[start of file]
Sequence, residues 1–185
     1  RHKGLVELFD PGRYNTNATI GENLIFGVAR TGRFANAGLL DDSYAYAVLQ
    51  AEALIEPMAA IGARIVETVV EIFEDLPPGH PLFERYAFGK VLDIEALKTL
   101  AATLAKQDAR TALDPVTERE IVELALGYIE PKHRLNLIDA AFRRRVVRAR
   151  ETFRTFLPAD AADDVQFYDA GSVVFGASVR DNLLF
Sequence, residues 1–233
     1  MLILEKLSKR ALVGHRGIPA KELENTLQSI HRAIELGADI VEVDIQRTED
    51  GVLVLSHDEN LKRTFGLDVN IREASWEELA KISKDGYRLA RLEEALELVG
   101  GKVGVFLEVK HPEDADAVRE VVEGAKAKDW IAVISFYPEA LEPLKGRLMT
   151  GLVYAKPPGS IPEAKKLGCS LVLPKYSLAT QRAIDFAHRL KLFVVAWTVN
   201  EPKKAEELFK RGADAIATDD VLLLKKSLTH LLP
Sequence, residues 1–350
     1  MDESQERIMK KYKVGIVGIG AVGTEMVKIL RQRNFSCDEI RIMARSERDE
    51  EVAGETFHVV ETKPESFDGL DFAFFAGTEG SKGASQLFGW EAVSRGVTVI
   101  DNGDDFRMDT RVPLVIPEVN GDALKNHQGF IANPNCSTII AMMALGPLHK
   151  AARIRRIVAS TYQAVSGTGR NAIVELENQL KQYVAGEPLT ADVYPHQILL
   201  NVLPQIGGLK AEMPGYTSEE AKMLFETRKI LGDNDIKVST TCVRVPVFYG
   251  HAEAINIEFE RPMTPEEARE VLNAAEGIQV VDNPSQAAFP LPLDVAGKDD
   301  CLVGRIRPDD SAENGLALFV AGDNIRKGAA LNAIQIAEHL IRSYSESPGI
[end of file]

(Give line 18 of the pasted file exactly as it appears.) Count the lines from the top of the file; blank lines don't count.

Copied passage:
   251  HAEAINIEFE RPMTPEEARE VLNAAEGIQV VDNPSQAAFP LPLDVAGKDD